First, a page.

In 1825, as farmland evolved into industrial acreage, conservationist George Brimmer bought land in Massachusetts to preserve its valleys and wetlands from development. Brimmer later partnered with others to turn the land into a cemetery, effectively skirting developers’ wandering eyes.
The result was Mount Auburn Cemetery, which borders Cambridge and Watertown, Massachusetts. Today it still resembles the land Brimmer sought to preserve, albeit with a fleet of gravestones poking out of the green turf. “I like to think of Mount Auburn Cemetery as not just the first rural cemetery, but in fact, it was a form of land conservation,” says Candace Currie, director of Green Burial Massachusetts, a nonprofit group working to create the state’s first legally recognized conservation cemetery. “To this day, people go there to get away from the city.”
In the decades after Brimmer established Mount Auburn Cemetery, new technologies changed the way the living interacted with the dead.
The profession of undertaker emerged in the United States during the Civil War. Preserving bodies became common practice for morticians seeking a way for families to say goodbye to fallen soldiers; the war dead were embalmed, laid in wooden boxes, and sent home by the thousands. President Abraham Lincoln’s funeral procession raised embalming’s public profile. For 19 days after his assassination in 1865, the president’s casket was left unsealed; embalmers kept the body fresh to accommodate public viewings.
Like most of the systems, customs, and industries that touch our lives, the management of death has radically changed since the time of Lincoln. Today the modern deathcare industry generates more than $20.5 billion annually.
Conservation cemetery and green burial advocates responded with their own movement. In 1996 in Westminster, South Carolina, the nation’s first natural burial ground was established by family physician Billy Campbell and his wife, Kimberly. Called Ramsey Creek Preserve, the property has more than doubled from its original 33 acres.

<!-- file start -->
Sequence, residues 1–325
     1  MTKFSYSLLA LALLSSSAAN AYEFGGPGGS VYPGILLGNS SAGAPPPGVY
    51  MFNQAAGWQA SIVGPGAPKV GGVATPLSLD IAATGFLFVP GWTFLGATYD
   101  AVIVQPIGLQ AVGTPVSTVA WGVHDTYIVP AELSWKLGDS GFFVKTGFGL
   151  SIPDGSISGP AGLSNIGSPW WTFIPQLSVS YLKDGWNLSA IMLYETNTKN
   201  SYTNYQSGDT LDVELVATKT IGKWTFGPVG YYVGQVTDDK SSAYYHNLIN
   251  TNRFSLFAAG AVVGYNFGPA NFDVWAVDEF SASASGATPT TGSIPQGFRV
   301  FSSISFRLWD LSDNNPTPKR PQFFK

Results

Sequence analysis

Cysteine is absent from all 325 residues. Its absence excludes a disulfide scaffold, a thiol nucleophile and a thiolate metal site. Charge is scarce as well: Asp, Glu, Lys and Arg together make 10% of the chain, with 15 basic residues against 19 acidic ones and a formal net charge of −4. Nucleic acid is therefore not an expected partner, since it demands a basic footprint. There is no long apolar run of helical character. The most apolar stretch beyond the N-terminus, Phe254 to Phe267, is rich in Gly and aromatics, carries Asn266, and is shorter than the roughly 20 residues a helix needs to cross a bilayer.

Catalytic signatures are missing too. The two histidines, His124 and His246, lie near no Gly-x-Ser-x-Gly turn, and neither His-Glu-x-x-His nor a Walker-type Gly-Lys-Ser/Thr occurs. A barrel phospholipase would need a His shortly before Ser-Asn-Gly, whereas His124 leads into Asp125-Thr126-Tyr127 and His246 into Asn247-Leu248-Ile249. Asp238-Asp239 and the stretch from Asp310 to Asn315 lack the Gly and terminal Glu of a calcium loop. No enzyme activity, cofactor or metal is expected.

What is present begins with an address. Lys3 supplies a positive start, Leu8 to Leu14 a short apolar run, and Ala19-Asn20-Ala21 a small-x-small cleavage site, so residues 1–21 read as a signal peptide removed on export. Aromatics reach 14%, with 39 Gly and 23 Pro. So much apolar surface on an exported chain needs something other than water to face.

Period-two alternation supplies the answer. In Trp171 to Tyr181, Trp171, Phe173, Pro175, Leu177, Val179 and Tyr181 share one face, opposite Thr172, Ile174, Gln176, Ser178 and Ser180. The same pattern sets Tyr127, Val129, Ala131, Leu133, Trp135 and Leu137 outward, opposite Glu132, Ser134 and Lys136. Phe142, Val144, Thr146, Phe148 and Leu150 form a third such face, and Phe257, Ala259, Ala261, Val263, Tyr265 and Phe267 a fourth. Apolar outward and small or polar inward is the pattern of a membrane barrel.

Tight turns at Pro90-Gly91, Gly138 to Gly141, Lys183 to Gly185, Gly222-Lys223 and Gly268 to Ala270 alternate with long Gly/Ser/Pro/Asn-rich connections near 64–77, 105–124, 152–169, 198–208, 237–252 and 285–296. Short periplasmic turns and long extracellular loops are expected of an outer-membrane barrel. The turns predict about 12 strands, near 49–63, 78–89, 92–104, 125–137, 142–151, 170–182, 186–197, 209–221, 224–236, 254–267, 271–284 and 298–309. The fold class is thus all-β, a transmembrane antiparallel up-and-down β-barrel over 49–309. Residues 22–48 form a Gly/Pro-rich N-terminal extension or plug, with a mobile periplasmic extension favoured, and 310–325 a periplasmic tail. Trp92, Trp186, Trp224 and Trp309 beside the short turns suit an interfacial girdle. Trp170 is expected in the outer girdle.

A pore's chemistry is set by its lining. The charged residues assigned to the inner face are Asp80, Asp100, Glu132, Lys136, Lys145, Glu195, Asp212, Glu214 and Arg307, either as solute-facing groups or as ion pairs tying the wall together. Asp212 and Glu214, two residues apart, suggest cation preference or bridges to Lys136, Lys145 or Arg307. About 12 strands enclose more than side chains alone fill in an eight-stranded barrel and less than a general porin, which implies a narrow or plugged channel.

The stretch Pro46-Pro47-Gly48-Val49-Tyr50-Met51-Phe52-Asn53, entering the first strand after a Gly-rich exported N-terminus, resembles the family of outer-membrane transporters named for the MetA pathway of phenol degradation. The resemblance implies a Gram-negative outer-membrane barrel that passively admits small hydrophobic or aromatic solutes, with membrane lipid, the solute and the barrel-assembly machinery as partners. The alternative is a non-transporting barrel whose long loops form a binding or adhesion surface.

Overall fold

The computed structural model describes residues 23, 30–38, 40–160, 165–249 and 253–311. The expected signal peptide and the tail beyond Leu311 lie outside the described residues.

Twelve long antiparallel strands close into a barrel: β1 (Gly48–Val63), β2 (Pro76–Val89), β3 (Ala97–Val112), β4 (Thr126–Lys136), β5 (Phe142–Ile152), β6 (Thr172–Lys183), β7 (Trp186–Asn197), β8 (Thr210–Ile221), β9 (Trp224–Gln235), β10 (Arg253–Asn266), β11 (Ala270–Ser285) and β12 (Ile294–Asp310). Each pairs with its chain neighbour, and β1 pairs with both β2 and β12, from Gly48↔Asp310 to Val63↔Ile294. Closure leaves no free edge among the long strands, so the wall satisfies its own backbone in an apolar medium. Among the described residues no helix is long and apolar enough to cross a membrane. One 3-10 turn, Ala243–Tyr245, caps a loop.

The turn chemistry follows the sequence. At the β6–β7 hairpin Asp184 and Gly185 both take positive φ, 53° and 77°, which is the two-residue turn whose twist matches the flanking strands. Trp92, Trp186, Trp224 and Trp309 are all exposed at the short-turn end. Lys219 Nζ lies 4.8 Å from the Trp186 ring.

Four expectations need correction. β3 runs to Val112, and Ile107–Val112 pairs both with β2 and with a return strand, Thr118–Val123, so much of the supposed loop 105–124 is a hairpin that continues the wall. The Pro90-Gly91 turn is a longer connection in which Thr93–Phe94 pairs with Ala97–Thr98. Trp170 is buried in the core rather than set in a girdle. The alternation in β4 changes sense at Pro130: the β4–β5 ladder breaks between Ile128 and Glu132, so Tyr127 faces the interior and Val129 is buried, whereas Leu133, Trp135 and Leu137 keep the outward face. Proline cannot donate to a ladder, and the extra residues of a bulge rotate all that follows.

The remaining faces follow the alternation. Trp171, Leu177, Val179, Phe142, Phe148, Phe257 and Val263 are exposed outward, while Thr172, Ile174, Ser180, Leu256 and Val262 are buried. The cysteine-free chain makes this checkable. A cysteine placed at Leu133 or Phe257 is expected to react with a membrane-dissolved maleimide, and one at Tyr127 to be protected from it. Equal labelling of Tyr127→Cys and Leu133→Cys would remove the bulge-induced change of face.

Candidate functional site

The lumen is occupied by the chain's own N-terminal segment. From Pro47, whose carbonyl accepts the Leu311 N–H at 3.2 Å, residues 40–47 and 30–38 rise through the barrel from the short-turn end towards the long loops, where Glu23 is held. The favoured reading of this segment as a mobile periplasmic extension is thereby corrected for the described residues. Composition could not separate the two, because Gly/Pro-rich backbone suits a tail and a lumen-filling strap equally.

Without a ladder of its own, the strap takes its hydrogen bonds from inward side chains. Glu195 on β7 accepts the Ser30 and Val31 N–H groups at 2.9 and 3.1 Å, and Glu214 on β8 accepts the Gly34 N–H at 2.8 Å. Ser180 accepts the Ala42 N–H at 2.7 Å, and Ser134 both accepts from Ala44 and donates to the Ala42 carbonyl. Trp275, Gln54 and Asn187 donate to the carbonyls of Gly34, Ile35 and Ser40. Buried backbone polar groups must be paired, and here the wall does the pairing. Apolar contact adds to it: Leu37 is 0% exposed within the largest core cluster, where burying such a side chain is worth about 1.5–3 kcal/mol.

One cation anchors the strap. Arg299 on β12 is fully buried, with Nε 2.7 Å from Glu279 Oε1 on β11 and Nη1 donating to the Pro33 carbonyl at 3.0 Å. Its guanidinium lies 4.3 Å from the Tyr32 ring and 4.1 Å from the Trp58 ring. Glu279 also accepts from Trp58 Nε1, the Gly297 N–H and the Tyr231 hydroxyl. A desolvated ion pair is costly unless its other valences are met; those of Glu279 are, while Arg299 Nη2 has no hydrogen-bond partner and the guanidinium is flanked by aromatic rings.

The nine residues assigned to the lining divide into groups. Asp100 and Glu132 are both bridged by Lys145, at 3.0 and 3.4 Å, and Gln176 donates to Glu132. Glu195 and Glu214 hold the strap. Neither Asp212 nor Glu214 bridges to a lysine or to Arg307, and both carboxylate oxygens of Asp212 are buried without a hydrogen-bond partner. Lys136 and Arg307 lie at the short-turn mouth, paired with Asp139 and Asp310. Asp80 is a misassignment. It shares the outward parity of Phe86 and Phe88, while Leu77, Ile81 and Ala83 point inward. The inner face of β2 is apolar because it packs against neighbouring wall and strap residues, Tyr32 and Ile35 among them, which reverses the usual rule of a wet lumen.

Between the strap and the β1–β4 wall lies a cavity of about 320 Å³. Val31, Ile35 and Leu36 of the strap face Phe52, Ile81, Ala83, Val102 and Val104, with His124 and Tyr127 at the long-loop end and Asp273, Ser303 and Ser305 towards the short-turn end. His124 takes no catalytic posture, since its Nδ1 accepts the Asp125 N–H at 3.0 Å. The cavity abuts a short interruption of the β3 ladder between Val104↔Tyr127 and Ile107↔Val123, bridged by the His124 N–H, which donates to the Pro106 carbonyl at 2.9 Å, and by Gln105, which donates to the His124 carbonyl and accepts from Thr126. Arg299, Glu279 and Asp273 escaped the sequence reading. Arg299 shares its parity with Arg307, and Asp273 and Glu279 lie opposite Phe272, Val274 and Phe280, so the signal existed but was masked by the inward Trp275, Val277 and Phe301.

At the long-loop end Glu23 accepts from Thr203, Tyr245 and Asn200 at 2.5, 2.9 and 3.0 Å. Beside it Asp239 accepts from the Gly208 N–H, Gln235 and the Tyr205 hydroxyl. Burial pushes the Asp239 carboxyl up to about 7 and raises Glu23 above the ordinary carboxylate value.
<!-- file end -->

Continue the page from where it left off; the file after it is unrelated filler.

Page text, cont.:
Facilities like these are “way more than just greener versions of contemporary cemeteries,” Billy Campbell has said. He considers them “multidimensional social and ecological spaces where the burials don’t overwhelm the naturalness of what is there.”
Currie sees another important trait. For green burials, loved ones help “take care of our own dead,” she says. “It’s a right, I think, that people want back.”
Speaking with Currie, Green Burial Massachusetts president and co-founder Judith Lorei describes the push for natural burials and conservation cemeteries as a new school of thought.
“People are really beginning to think outside the box,” Lorei says.
She catches herself, and laughs.
It’s a matter of stripping away the unnecessary. Of getting back to basics. With conservation cemeteries, “we’re trying to help people come back to the concept that nature is enough,” says Heidi Hannapel, a consultant with the preservation group Landmatters and a co-founder of Bluestem Conservation Cemetery.
At the same time, the cemeteries are a modern—even entrepreneurial—approach to land preservation, says Bluestem’s other co-founder, Jeff Masten. “It’s a different land use, it’s a different tool, it’s a different strategy,” says Masten, also a Landmatters consultant. “Conservation burial grounds, for some people, are like a business that helps land stay in use.”
Donovan knows the Katy Prairie cemetery won’t be the David felling Houston development’s Goliath. Rather, the aim is just to hold off the giant. In the end, it’s about the bigger picture, Donovan stresses. All profit from selling natural burial plots (tentatively, for around $4,500 apiece) would be used to restore 250 more acres to a natural state.
Donovan hopes the conservation cemetery project prompts visitors to reflect on their ultimate fate. At some point, each of us will die. But until then, we have choices. What do you want your legacy to be?
“Let’s be thoughtful about our end of life and what we want to see happen,” she says.
Someday, I ask, is this where you’ll be buried? She laughs nervously. “If we had the cemetery out there today and I passed away, yes, put me on the Katy Prairie,” Donovan replies.
Should the project go according to plan, Donovan wouldn’t be alone on the Katy Prairie landscape. Neither would anyone else who chose to be laid to rest there. Each springtime, the prairie grasses above them would burst to life, and flowers would bloom into the cusp of summer.
Late in the afternoon, I drive back from the preserve. The landscape bolts from green and brown to gray and grayer as Houston’s skyline comes into view. Rush hour churns the city, where it’s anything but hushed and still.
This story appears in the April 2022 issue of National Geographic magazine.